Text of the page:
Status: Full Game, Findability: 5/5

Habitat was a glimpse into the future way back in 1987, and was to take the SCUMM engine of Maniac Mansion and push it into an online world.

The game was to be multi-player based and used in conjunction with a Quantum Link phone number. It would have allowed almost all users to create new objects and locations, which could then be used/stolen/destroyed by other users.

The game had various screen shots scattered in magazines of the time, some of which are present on this website. Here is also a video from a Lucasarts advert showing the game running…

A beta was actually up and running of the game (so technically it was sort of “released”) for a few years, but was later replaced with a very slimmed-down and more limited for-pay system called Club Caribe, available again through Quantum Link (an online service for Commodore 64/128 users). Club Caribe had improved graphics and added facial expressions, but it was a very small world with far fewer features and possibilities. The game would live on in various forms for other platforms which you can read more about here: https://en.wikipedia.org/wiki/Habitat_(video_game)

Of course, with the game being replaced by Club Caribe, much of the original Habitat was now lost. With it being an online based service, could anything be recovered and made available in a viable form?

For years, there were only bits and pieces of Habitat to be found, but in July 2016, all of the source code for Habitat was fully preserved. It was hoped that the game could finally be resurrected and ran once more in some shape or form.

We are pleased to say that the has come where you can now actually play Habitat once more. Take a look over at http://www.neohabitat.org/. where the developers (including some of the original team) have got the game up and running once more, and you can now join in and play. It’s an amazing effort and a wonderful recovery of a long lost MMORPG.

Then in addition to that, you can download the entire repository based on the original Fujitsu technology transfer archive at https://github.com/Museum-of-Art-and-Digital-Entertainment/habitat

Case closed!

Contributions: Martin/Stadium64, Jogge, Tobias Hultman, Mike, Dumbflag, Brendan Phoenix, Michael, Charels Haley, Randy Farmer, Nemo, Joe Fiat, Stuart Cass, Fabrizio

Supporting content

Update history

  • 09/04/24 – Fixed broken repository link
  • 09/11/21 – Added repository link
  • 06/07/20 – Heavily tidied up the terrible write up (clearly written when I was 17!) and added links to the game that you can now download and play!
  • 11/03/19 – Corrections to connection thanks to Joe Fiat
  • 13/06/15 – Video addition thanks to Nemo
Posted in: GTW64 archive | Tagged: | 14 Comments

14 Responses to Habitat

  1. All local phone calls in the US and Canada were/are free on a landline. Every major city had a local (free) Quantumlink phone number. So the calls were free on your phone bill. Habitat was not for BBS’, it was for QLink.

    • Many thanks Joe – this write up needs a major overhaul at somepoint, but i’ve made those corrections. Many thanks!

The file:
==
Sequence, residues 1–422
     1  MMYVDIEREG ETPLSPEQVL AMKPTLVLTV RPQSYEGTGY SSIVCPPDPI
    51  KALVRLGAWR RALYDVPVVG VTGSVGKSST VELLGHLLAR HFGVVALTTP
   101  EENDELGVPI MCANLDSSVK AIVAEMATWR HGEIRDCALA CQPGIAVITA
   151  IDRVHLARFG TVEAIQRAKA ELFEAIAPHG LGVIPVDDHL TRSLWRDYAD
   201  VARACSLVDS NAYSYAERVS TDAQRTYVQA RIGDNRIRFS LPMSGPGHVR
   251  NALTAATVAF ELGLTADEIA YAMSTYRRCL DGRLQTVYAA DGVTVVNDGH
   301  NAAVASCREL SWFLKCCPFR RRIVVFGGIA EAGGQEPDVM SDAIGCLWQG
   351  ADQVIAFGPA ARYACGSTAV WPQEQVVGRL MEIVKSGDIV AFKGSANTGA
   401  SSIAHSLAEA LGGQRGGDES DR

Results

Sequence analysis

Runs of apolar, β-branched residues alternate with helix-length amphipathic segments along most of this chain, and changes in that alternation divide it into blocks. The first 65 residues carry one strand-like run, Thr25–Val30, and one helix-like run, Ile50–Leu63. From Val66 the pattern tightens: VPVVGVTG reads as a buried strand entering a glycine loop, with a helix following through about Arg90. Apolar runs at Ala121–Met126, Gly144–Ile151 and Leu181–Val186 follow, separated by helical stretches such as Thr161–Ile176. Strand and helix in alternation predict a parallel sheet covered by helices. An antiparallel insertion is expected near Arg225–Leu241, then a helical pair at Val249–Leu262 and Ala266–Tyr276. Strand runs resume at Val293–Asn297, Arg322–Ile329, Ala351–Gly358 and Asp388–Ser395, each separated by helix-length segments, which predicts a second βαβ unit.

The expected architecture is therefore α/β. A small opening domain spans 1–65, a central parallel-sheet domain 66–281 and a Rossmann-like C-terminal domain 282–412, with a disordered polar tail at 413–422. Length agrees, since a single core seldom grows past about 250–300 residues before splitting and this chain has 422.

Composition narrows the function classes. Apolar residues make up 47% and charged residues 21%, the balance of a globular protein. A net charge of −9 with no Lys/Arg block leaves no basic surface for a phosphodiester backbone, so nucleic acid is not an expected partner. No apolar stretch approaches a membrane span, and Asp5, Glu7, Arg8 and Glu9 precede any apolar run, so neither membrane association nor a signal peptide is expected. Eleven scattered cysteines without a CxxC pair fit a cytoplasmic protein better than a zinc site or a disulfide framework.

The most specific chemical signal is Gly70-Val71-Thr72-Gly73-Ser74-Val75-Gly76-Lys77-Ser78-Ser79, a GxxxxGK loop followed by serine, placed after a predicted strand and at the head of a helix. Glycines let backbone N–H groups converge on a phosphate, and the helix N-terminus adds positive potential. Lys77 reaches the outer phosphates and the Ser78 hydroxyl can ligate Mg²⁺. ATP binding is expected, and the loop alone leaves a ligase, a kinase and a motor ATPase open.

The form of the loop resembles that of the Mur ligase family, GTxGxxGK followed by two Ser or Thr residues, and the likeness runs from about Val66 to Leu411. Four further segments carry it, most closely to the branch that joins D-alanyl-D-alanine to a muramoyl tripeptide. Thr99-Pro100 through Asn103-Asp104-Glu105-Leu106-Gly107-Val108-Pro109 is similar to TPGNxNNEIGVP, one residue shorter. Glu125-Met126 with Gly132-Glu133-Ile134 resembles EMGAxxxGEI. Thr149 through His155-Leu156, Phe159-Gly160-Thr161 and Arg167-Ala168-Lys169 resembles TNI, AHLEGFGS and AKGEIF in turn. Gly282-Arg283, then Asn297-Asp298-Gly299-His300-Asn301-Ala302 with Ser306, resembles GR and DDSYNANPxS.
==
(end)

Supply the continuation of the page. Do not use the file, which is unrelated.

2. I stumbled across this site since I saw it as a referrer to mine, and noticed the question about the Habitat disk. I do in fact have the original Habitat disk, the label peeled off of it and I don’t know if the disk is still readable but I purchased a 1541 to USB adapter… I just need to get my hands on a 1541 to try and rip the disk.

    • That sounds great Keith – if you get stuck, then i’d be happy to port the disk for you – though i’m based in the UK.

    • Thanks Zoran, it’s currently already under the “Downloads” section :) Cheers for the heads up though!

    • Amazing news, and hopefully it will get fully resurrected and playable. At least it seems all the data is safe for the game?
      Probably time really this GTW entry was closed off, as it wasn’t technically an unreleased game.

  3. From https://dl.dropboxusercontent.com/u/3838990/Credits%20Page%20from%201988%20Habitat%20Manual.png

    For Lucasfilm Games:

    Chip Morningstar was project leader, programmer and principal designer. Randy Farmer and Aric Wilmunder wrote theCommodore 64 software. Gary Winnick created most of the artwork and animation, with additional artwork by Ken Macklin. Chris Grigg created the sounds. Additional technical
    contributions by Charlie Kellner (the original cel animation system} and Ron Gilbert (the original Commodore object memory manager).

    Additional creative support was provided by Noah Falstein, David Fox, Douglas Crockford, David Levine, Mary Paterno, Chris Werner and David Martin.

    The “Official Avatar Hanbook” was written by Jamie Williams and Chip Morningstar.

    Production Manager was Nancy Mohler. General Manager of the Lucasfilm Games Division was Steve Arnold. Thanks to Janice Morningstar, Pamela Farmer and Lori Wilmunder for extraordinary support and understanding.

    Special thanks to George Lucas.

    For Quantum:
    Janet Hunter was the primary Q-Link host system programmer.

    Additional technical support provided by Doug Coward, Mike Ficco and Ken Huntsman. Rob Martyn managed operations. Project schedule coordination at Quantum was handled by Cathy Anderson.
    Marc Seriff was technical manager at Qunatum. The support and interest of Steve Case from Quantum and Clive Smith from Commodore Business Machines were essential in making Habitat possible

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